Monday, September 10, 2007

Eyes shift from patient to keyboard

When I began my residency last year at the Cambridge Health Alliance, I was thrilled to discover that I would be using a computerized medical record system. Computerized medical records - which are now used by about half of Massachusetts physicians and a growing number of doctors nationwide - are truly revolutionizing medicine, allowing doctors to chart patient information more safely, effectively, and legibly than ever.

Although the computerized system has proven to be a huge help, I have confronted an unexpected challenge: Despite repositioning the computer in every imaginable way, I often find myself making more eye contact with the screen than I do with my patients. It is simply more difficult to face a patient while typing than while writing.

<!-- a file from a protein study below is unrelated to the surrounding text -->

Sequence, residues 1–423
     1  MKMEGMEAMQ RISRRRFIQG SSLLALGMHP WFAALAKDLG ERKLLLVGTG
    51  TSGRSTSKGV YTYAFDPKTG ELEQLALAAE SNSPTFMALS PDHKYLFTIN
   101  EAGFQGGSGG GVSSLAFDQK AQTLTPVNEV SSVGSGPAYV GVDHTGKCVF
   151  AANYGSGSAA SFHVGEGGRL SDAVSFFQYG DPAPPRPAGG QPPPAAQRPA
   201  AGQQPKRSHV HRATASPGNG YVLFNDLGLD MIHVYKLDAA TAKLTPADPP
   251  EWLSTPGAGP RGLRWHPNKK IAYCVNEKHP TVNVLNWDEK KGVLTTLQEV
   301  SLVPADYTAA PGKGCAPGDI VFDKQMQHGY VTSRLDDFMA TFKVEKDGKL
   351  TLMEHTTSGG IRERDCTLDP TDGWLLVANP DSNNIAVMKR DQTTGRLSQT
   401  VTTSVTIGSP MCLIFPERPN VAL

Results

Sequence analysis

When I ask my patients whether the presence of the computer bothers them, most are understanding (though one pugnacious older lady told me that my face looks better from the side anyway).


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